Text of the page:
For my friends who are parents and / or who are concerned about public educations and have questions about charter schools (I confess that I probably know too little about the issue...), I think it would be smart of us to read the criticisms of "Waiting for Superman." I have not yet seen the film - not at the mall cineplex in my neck of the woods - but I certainly plan on it. My understanding is that the film, made by the director of "An Inconvenient Truth," is quite compelling. However. I know that I want to know the rest of the story, too.

What especially caught my eye is the brief comment on tenure for public school teachers, which I think gives insight to the brouhaha over tenure for faculty at colleges and universities. Goldstein quotes from an interview with Randi Weingarten, the president of the American Federation of Teachers, who apparently is singled out in the film as The Enemy:

The unions are hurt by public frustration with teacher tenure, a level of job security inconceivable to most American workers, who are barely hanging on during a recession with a nearly 10 percent unemployment rate.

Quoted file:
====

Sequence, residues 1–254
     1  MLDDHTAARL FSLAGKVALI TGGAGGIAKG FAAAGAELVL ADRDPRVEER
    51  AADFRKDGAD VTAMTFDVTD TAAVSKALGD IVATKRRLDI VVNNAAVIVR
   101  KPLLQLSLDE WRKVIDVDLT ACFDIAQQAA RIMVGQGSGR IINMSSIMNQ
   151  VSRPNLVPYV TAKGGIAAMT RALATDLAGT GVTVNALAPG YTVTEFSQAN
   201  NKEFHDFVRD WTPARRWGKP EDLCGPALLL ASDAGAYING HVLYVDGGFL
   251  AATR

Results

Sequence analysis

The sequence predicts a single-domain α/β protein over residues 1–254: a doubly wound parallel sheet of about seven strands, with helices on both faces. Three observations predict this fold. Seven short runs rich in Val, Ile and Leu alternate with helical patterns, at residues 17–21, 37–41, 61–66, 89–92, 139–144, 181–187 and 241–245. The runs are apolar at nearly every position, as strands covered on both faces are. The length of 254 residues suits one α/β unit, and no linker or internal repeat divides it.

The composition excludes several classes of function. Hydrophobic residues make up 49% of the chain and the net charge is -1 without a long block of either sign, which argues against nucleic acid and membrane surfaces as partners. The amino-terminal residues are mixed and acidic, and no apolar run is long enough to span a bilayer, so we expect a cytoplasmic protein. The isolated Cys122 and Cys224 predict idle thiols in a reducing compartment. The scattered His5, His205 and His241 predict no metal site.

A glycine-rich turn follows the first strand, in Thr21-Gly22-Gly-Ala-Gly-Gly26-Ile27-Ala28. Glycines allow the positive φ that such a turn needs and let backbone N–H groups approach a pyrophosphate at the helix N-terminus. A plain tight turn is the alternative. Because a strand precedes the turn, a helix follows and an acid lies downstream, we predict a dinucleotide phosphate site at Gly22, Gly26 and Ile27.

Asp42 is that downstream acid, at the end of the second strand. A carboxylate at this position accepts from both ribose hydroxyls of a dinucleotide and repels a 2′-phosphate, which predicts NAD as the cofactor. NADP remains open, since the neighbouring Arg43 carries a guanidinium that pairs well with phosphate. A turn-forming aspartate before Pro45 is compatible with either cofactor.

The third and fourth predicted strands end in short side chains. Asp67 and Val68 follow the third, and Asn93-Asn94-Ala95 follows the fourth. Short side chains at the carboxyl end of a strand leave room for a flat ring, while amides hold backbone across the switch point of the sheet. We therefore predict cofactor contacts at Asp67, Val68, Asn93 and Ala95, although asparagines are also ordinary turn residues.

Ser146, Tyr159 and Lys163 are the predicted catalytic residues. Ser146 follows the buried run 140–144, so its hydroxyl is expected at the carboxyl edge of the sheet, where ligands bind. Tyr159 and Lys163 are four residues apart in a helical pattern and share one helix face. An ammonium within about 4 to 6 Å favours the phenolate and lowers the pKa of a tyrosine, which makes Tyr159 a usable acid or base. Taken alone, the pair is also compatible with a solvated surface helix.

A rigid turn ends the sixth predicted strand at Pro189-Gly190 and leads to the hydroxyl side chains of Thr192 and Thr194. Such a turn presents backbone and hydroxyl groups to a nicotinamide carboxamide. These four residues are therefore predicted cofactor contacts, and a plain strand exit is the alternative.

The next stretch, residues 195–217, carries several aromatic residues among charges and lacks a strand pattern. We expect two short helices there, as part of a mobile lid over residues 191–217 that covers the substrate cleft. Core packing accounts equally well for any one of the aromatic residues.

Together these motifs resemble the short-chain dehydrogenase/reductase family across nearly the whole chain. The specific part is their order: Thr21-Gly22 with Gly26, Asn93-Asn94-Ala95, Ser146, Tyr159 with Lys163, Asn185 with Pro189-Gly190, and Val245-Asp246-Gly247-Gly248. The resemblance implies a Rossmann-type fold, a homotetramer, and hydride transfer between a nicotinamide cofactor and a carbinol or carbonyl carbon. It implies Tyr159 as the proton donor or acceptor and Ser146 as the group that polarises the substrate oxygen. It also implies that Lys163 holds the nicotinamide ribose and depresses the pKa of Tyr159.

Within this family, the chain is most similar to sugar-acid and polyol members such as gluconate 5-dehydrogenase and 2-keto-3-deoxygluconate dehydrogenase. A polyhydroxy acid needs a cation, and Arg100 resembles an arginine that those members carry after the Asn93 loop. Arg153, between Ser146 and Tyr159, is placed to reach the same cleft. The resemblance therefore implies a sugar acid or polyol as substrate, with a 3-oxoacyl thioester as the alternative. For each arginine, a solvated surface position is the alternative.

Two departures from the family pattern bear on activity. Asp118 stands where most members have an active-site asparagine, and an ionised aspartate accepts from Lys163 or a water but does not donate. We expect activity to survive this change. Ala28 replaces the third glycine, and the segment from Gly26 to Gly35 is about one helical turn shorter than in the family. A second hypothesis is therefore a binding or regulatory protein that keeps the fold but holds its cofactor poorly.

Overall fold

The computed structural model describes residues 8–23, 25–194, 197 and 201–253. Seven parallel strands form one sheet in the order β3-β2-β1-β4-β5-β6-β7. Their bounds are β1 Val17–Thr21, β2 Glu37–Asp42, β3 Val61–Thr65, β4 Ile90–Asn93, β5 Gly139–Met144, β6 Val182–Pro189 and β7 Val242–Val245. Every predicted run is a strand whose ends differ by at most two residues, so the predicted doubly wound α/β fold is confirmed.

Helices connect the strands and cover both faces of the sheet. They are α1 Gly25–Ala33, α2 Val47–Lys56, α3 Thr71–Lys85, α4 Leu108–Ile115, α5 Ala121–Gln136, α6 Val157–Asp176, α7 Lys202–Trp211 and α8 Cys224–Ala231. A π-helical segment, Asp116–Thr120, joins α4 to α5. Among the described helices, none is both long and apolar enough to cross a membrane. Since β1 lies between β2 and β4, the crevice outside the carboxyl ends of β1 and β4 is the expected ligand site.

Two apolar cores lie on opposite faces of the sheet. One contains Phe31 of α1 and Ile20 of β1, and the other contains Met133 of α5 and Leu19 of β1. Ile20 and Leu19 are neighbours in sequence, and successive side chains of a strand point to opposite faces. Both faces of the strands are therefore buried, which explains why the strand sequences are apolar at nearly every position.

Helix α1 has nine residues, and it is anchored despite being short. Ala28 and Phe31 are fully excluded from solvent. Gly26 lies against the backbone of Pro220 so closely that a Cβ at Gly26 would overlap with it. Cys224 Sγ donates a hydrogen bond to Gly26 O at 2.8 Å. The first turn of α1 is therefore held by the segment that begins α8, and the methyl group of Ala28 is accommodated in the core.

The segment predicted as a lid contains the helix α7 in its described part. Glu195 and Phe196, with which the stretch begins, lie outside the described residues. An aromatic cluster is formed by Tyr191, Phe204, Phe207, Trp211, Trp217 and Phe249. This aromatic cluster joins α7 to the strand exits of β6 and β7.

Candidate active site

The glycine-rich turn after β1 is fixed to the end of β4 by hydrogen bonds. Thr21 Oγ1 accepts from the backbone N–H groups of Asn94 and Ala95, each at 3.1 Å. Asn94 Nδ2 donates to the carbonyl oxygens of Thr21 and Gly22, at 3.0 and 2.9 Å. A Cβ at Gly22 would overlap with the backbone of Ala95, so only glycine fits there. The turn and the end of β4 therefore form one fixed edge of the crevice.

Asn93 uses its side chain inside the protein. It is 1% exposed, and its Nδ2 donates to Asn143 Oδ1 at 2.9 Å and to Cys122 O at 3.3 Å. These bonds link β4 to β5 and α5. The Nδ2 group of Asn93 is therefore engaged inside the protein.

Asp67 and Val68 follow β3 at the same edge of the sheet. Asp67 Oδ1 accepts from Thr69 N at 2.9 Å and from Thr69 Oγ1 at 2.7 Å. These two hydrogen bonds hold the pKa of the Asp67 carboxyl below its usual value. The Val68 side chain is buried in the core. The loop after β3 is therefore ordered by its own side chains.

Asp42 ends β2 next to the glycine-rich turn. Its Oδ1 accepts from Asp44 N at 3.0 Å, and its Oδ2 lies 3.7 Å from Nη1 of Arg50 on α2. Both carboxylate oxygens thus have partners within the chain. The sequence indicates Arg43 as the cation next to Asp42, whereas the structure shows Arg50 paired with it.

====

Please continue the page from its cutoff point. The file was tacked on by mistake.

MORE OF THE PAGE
"Only 7 percent of American workers are in unions," Weingarten says, adding matter-of-factly, "America looks at us as islands of privilege."

That is the case against tenure?! I call this the "sucks"-is-the-new-normal effect... Never mind that the real islands of privilege might lie located elsewhere...


I think it ought to be noted, as Goldstein does, that unionized teachers themselves also want to see their profession do a better job at maintaining their own standards. "According to a 2003 Public Agenda poll, 47 percent of teachers believe 'the union sometimes fights to protect teachers who really should be out of the classroom," Goldstein notes.

So, why not enable, encourage, and support workers themselves to set the standards, and see that they are upheld - and to do so in a way that preserves the dignity of each individual? Which, unfortunately, "policing" too often fails to do. We might have more incentive not to bend the rules, were the rules themselves more resilient...

Wednesday, October 6, 2010

Tenure tracts

It probably says more about the cast of characters that I call friends, but I read two posts on Facebook concerning tenure:

One is this link to an article in The Chronicle of Higher Education: "Parents: Your Children Need Professors with Tenure."

The other is this link to an article on Insider Higher Ed about the faculty at Brown voting no on changes to tenure that a Provost-appointed committee had developed.

The Chronicle piece offers a spirited defense of the virtues of tenure, culminating with a flourish on academic freedom... "A college professor must be able to voice controversial views and challenge his or her students to question their assumptions and, at the very least, learn to define and defend them more effectively," writes the author, Cary Nelson, an English professor at University of Illinois. "Too many faculty members without tenure do not want to take that risk."